Mellowed out “Ghost in the Machine” explores SZA’s exhaustion with the music industry and her search to find a partner in crime so she can feel human again. Collaborating with indie rock musician Phoebe Bridgers, the opening sequence is reminiscent of Bridgers’ “Halloween,” from her 2020 album Punisher. Both encompass an atmosphere of solitude beating with acoustic guitars and echoed hums. “Ghost in the Machine” identifies artificial intelligence as being superior to humans, pointing to its ability to power up and power down with ease. SZA is being worked as if she is a robotic machine, but the overwhelming pressure to create quality music is chipping away at her mental stability.

A sudden switch in the overall vibe of the album, “F2F” unleashes a memorable incline from acoustic to electric guitars, recalling the exhilarating early-2000s pop-punk scene. SZA describes longing for her ex-lover in the first couple of verses, and then follows these up with an angry chorus, expressing her affinity for hookups to fill the void. Even though her ex treated her poorly, she still seeks the comfort in the presence of another and feels tarnished without someone by her side.

Interpolating Mazzy Star’s 1993 track “Fade into You,” the somber ballad “Nobody Gets Me” draws on SZA’s would-be marriage with her ex-fiancé and her longing to be with them again. Albeit slower than “F2F,” this track conveys the same theme of bargaining through speed dating: “I pretend when I’m with a man it’s you.”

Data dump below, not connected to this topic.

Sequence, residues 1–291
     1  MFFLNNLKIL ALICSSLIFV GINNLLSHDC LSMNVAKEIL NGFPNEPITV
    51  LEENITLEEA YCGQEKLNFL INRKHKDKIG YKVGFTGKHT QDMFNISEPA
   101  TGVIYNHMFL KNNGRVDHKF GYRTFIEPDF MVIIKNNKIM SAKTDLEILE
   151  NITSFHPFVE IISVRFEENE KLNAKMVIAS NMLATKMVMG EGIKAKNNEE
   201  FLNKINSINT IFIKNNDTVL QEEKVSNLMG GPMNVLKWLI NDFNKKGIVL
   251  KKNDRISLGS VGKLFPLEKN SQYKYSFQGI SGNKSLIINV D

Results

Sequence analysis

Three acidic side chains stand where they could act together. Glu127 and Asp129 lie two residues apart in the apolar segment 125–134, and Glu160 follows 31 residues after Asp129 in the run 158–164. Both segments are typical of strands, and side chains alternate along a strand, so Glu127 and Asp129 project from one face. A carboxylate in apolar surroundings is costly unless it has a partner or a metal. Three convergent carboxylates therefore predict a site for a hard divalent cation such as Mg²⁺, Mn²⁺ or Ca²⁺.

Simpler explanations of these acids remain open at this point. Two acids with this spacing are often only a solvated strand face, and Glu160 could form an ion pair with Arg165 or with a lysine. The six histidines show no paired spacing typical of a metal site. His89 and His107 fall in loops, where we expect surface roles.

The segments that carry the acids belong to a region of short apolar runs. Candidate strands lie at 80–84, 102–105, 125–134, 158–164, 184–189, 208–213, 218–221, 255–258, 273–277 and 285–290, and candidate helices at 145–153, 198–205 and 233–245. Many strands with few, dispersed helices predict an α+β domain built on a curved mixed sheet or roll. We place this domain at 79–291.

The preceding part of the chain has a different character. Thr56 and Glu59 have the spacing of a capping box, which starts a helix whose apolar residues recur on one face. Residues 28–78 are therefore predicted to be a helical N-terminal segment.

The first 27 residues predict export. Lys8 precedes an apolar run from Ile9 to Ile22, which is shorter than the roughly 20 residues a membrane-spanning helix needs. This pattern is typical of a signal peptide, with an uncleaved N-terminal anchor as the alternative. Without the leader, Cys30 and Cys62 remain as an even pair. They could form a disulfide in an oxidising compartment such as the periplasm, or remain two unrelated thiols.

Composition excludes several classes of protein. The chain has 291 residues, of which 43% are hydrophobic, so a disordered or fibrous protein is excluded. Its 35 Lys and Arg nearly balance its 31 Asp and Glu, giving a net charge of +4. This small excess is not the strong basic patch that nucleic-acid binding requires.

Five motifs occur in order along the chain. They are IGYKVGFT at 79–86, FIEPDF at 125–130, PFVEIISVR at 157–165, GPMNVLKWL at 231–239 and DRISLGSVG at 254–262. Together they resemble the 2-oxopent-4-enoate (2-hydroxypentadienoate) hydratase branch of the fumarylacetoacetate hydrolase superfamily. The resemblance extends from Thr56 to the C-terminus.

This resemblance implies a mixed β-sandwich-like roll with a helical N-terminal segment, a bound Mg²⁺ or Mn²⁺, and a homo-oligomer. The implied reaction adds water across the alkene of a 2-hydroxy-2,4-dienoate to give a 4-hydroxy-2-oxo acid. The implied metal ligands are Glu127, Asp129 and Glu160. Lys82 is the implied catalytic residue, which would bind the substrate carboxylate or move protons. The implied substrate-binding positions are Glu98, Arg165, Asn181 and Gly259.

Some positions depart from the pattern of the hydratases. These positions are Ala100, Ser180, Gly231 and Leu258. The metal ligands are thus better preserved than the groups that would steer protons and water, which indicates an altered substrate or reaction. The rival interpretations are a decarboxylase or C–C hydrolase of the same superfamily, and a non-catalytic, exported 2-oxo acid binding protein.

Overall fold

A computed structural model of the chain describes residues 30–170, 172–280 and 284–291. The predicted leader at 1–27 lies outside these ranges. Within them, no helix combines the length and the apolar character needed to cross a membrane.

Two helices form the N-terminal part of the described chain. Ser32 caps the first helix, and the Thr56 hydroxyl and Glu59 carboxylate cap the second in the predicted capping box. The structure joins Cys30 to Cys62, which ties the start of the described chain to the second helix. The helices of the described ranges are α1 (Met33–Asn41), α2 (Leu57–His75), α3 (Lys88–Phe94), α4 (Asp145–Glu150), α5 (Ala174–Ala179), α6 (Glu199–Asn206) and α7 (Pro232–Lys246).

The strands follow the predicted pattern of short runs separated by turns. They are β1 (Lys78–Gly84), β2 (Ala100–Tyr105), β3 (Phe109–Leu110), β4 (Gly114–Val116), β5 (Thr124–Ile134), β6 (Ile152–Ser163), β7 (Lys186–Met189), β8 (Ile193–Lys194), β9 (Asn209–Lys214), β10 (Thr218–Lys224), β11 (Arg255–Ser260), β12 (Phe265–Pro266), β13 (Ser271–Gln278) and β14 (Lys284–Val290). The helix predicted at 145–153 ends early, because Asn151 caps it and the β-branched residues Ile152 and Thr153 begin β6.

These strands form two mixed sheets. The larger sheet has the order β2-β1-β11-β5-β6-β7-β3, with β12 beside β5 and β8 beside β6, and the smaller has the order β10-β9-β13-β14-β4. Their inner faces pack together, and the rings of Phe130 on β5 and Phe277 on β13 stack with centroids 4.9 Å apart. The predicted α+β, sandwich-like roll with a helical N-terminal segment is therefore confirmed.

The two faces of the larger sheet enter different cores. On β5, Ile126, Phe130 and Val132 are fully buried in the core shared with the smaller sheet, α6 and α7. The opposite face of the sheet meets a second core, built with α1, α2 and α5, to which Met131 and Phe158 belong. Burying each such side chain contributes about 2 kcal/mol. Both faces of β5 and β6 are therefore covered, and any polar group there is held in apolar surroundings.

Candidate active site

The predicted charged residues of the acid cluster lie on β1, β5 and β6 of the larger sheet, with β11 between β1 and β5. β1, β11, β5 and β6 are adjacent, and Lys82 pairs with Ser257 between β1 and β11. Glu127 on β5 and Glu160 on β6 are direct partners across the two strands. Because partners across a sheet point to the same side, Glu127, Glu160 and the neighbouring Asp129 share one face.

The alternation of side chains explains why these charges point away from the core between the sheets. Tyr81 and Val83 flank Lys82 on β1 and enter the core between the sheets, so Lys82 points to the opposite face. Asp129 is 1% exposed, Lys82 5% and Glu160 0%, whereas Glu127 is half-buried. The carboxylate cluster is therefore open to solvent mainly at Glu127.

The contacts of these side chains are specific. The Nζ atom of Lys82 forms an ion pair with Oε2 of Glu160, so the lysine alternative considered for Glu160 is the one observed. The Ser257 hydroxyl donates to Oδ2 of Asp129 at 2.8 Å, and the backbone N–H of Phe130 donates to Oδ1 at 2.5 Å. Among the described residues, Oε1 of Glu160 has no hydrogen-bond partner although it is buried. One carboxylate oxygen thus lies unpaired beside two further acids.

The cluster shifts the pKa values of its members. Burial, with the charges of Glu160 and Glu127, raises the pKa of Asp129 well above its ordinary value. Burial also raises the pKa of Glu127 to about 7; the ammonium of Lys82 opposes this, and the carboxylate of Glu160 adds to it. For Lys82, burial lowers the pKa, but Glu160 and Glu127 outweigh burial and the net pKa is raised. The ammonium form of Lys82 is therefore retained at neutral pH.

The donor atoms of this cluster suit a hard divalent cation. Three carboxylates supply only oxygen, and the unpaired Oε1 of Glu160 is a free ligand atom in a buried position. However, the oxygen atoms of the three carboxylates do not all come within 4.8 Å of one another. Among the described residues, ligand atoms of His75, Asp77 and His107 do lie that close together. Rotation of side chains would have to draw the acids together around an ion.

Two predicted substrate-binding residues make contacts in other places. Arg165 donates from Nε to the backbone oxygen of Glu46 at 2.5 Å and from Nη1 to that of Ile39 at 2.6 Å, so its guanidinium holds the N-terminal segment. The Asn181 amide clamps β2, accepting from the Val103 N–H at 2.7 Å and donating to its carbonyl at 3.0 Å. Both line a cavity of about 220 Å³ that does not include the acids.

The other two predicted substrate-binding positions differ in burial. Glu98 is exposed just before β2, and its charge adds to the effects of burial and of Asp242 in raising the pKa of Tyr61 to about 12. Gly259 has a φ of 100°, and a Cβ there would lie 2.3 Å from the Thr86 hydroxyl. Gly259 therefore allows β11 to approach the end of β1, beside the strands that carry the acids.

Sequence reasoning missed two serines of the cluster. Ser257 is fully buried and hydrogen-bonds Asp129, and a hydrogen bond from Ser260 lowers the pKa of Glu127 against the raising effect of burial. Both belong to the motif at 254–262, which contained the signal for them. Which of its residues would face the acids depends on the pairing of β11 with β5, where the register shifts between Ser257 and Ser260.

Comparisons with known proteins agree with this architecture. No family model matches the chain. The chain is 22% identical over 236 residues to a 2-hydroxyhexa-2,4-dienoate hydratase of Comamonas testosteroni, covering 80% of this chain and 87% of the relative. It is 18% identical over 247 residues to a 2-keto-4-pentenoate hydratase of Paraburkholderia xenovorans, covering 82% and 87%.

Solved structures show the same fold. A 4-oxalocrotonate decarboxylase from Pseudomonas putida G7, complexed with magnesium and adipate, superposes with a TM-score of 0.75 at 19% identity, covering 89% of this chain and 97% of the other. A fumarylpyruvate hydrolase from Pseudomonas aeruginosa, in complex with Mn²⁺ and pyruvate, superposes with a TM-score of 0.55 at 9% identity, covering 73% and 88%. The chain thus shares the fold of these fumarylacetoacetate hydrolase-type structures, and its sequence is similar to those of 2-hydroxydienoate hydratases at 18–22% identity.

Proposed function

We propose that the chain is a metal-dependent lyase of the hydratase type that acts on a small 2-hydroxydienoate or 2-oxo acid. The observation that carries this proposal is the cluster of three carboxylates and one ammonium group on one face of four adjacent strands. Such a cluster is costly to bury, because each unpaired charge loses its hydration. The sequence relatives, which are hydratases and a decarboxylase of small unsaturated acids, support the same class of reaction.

On the heartbreaking and vocal-driven track “Special,” SZA degrades herself for not being her idea of “perfect,” — a belief stemming from a man’s opinion. Insecurities pop up in every line, especially in the opening verse:

I never liked her, wanted to be like her

Hate how you look at her ’cause you never saw me

Like I was an art piece, like I was an ordinary girl

Referencing the song “Normal Girl” off her debut album, SZA is still striving to see herself as an effortlessly beautiful “ordinary girl,” since her lover never did. 

Released two years before the album and during the height of the COVID-19 pandemic, the uplifting lead single “Good Days” shines as an optimistic approach to life, seeking a bright future away from past negativity. SZA strives to divert from past toxic relationships — a theme that plays a substantial role in closing the album. The other two singles released prior to the album, “I Hate U” and “Shirt,” gained loads of traction due to the discovery of the Soundcloud demo versions before their official versions were even produced. A love for the unofficial versions spread like wildfire, likely resulting in the placement of “I Hate U” and “Shirt” onto SOS. 

SOS beautifully seizes the range of vulnerable emotions that SZA has experienced over the course of her five-year hiatus — from yearning for past lovers, to her struggles in the music industry, to generating a positive outlook on the future. This second studio album bends genres like no other, yet still maintains a cohesive listening experience. The heart-pouring songwriting complements the beat-driven music production so one doesn’t overpower the other. In the weeks after its release, SOS placed as the number one album on Billboard 200 multiple weeks in a row, was named Pitchfork’s Best New Music and was recognized as the fastest female R&B album to hit over 1.4 billion Spotify streams — just to name a few of its accomplishments. With renewed support and a few soon-to-be-released deluxe tracks, SZA will go on tour this spring alongside opening act Omar Apollo. An album well worth the wait, SOS is a long-lost treasure that’s finally been found — a cherished victory for the patient fans of SZA.